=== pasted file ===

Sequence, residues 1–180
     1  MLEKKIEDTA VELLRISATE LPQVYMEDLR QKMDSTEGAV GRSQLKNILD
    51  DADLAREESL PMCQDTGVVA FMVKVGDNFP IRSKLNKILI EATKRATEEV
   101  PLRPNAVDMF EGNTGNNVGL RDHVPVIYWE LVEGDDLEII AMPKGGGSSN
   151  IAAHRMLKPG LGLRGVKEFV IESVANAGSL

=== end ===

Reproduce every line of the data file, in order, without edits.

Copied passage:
Sequence, residues 1–180
     1  MLEKKIEDTA VELLRISATE LPQVYMEDLR QKMDSTEGAV GRSQLKNILD
    51  DADLAREESL PMCQDTGVVA FMVKVGDNFP IRSKLNKILI EATKRATEEV
   101  PLRPNAVDMF EGNTGNNVGL RDHVPVIYWE LVEGDDLEII AMPKGGGSSN
   151  IAAHRMLKPG LGLRGVKEFV IESVANAGSL